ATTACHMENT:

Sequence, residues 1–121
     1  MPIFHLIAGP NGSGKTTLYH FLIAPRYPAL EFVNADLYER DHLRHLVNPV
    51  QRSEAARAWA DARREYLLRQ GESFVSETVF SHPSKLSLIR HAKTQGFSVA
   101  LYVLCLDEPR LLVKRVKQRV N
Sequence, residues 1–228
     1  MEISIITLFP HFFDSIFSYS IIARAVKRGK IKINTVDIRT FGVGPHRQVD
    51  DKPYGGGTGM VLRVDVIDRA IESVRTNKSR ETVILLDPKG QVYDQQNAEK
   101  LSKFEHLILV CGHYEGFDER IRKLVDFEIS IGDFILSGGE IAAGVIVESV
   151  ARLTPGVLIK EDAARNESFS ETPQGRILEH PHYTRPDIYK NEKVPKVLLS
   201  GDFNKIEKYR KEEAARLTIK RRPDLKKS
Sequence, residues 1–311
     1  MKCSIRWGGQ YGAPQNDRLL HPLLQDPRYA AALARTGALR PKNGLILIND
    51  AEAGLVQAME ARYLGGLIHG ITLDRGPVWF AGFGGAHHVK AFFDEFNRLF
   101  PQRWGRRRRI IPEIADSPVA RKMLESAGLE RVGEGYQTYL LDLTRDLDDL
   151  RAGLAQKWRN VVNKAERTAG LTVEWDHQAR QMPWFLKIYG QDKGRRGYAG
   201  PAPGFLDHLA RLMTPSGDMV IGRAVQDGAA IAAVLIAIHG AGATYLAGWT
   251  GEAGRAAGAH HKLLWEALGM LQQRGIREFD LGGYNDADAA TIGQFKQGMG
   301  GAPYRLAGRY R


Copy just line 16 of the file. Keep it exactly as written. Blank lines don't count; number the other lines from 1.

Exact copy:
   201  PAPGFLDHLA RLMTPSGDMV IGRAVQDGAA IAAVLIAIHG AGATYLAGWT